In no rush to sell Snap stock

Af­ter a price slide in July, the firm’s work­ers can’t count on riches from un­load­ing shares.

Los Angeles Times - - TECHNOLOGY - By Paresh Dave paresh.dave@la­times.com Twit­ter: @peard33

The wave of house buy­ing, start-up in­vest­ing and in­creased ex­trav­a­gance ex­pected from em­ploy­ees of Snap Inc. may be de­layed.

Dur­ing most of July, shares of Los An­ge­les’ big­gest tech com­pany not only fetched less than their ini­tial of­fer­ing price of $17, but also were cheaper than the $15.36 in­vestors paid for them in the com­pany’s fi­nal pri­vate fi­nanc­ing.

The price slide has damp­ened em­ploy­ees’ de­sire to sell shares that they earned as com­pen­sa­tion, ac­cord­ing to wealth man­agers and other ad­vi­sors.

They ex­pect con­fi­dence among em­ploy­ees that Snap is worth at least slightly more than cur­rent prices to pre­vail over anx­i­ety in the com­ing weeks. That’s brought down the chance of an im­mi­nent surge of cash into Los An­ge­les when em­ployee-share­hold­ers be­come free to sell around $4 bil­lion worth of hold­ings for the first time Aug. 14.

The amount work­ers sell might be enough to fund grand fam­ily va­ca­tions abroad, but not home pur­chases or risky bets on start­ing their own tech ven­tures. West­side real es­tate agents said they haven’t seen a big uptick in de­mand from Snap em­ploy­ees.

“There’s not a line of peo­ple look­ing to uti­lize this win­dow to sell,” said Jor­dan Kahn, chief in­vest­ment of­fi­cer for L.A. firm HCR Wealth Ad­vi­sors. “There are a lot of peo­ple who think at $13 and change, be­low the of­fer­ing price, that’s not the best time to sell.”

A pre­view of what to ex­pect this month came Mon­day as an es­ti­mated 400 mil­lion shares held by early Snap in­vestors be­came newly trad­able, ac­cord­ing to an­a­lysts. The amount of shares ex­chang­ing hands in­creased three­fold Mon­day com­pared with the av­er­age daily trad­ing over the last 30 days, but it was far from a ma­jor flood. Light­speed Ven­ture Part­ners, one of the po­ten­tial new sell­ers, de­clined to com­ment.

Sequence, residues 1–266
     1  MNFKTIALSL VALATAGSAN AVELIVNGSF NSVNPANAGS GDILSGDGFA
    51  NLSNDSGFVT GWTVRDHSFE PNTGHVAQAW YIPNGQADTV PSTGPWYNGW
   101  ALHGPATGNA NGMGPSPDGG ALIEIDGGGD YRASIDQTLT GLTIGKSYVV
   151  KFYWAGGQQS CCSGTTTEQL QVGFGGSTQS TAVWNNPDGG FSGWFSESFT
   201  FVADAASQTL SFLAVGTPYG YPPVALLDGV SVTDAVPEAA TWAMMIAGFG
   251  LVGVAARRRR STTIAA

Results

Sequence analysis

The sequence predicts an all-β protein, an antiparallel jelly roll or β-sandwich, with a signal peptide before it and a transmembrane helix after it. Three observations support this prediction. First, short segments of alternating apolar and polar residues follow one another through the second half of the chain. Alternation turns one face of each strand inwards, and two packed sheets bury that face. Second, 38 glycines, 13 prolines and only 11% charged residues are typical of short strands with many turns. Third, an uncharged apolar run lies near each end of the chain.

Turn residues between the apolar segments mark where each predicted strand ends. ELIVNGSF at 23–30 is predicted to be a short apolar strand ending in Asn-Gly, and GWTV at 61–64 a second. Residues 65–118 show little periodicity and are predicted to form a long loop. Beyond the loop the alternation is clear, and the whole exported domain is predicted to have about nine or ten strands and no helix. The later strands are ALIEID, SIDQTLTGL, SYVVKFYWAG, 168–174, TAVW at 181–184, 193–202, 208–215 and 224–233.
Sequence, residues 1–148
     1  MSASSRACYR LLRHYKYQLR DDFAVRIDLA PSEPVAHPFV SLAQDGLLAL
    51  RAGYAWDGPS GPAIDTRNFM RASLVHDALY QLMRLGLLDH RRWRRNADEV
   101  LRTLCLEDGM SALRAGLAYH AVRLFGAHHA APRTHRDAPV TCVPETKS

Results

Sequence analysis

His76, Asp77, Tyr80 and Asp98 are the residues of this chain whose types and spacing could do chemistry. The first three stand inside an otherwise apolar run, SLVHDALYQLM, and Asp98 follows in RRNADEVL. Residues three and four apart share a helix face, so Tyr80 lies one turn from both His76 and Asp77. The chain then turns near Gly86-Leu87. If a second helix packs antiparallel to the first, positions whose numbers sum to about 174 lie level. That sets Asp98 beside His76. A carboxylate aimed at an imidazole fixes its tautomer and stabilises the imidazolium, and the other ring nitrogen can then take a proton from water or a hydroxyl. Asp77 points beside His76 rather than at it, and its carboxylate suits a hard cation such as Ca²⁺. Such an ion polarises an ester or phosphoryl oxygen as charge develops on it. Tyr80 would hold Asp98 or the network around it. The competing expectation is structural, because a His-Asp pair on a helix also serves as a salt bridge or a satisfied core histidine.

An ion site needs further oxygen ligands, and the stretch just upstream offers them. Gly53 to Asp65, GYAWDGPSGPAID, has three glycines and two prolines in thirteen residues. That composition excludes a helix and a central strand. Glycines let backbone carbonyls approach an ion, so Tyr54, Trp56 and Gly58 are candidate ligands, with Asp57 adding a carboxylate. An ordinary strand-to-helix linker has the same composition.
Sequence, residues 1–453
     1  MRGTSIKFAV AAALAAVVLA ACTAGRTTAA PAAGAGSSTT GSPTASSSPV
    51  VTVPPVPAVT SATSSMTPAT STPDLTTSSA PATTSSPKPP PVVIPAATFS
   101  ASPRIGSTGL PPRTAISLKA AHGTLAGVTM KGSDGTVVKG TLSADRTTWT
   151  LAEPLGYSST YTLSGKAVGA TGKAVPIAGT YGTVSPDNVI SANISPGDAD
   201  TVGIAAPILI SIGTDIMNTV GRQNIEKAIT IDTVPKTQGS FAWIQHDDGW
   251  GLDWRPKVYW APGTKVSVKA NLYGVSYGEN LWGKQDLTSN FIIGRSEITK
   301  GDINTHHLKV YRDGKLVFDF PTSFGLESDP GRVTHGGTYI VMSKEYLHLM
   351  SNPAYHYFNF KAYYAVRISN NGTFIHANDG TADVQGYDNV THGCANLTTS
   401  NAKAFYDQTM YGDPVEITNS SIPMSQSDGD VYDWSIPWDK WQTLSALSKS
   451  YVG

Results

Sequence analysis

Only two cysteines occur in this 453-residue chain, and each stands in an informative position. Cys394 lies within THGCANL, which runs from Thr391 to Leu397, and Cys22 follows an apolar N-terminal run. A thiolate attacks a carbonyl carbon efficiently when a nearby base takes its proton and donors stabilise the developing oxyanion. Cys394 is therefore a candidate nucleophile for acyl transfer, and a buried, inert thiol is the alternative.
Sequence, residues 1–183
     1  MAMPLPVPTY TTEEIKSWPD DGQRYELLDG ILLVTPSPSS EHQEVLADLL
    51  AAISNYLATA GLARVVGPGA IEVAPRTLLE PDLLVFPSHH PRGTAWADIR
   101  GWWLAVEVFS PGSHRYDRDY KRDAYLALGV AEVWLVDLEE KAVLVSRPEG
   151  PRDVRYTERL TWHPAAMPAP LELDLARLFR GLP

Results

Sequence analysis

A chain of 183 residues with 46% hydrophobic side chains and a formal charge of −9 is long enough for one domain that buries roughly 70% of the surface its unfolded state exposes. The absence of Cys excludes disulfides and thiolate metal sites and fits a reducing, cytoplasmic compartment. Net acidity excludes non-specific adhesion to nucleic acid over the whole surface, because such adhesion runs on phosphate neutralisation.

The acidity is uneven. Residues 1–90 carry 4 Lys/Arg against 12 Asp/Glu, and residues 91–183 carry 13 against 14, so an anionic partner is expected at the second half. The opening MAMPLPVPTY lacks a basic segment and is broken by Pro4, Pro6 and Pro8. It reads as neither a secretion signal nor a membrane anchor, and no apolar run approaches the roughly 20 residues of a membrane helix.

Snap shares closed Mon­day at $13.67, down 14 cents, or 1%.

Em­ploy­ees want to start par­ing their Snap own­er­ship sooner rather than later, driven by fears that the stock mar­ket is due for a down­turn af­ter more than eight years of rid­ing high, ex­perts say. Wealth man­agers also are warn­ing even the youngest em­ploy­ees that an IPO like Snap’s — the big­gest in South­ern Cal­i­for­nia his­tory — is prob­a­bly a on­cein-a-life­time event.

“Peo­ple are look­ing to pro­tect them­selves and are try­ing to go for dou­bles rather than triples and home runs,” said Jor­dan Taylor, who works with tech clients for Sil­ver­hawk Pri­vate Wealth. “Let’s try to make con­sis­tent strong de­ci­sions rather than swing for the fences ev­ery time.”

Fur­ther spook­ing work­ers is po­lit­i­cal tur­moil un­like any most young tech share­hold­ers have seen.

“Peo­ple who have neg­a­tive views to­ward the cur­rent pres­i­dent are con­cerned about what’s go­ing to hap­pen eco­nom­i­cally, so they want to be a lit­tle safer,” Taylor said. “How peo­ple are re­spond­ing to mar­kets is more po­lit­i­cal than ever.”

The un­ease is trick­ling down to work­ers at star­tups that might go pub­lic over the next year. For years, em­ploy­ees at such places would shell out to ex­er­cise as many stock op­tions as pos­si­ble be­fore an IPO. Work­ers had lit­tle doubt they were get­ting a good deal be­cause they felt shares would con­tinue to rise in price. They would save on taxes and lock in big gains.

That’s not the case any­more, said Jack Mec­cia, who has ad­vised work­ers at Blue Apron, Cloud­era and other tech firms on tax is­sues. Com­pa­nies are get­ting so pricey on the pri­vate mar­ket that the pub­lic stock mar­kets are not im­me­di­ately em­brac­ing them with an in­stant pre­mium.

“Em­ploy­ees are wisely skep­ti­cal that an IPO means a higher share price,” said Mec­cia, a tax as­so­ciate at fi­nan­cial plan­ning firm Vest­board. “Writ­ing a check to ac­quire those shares, you’re not go­ing to au­to­mat­i­cally do that.”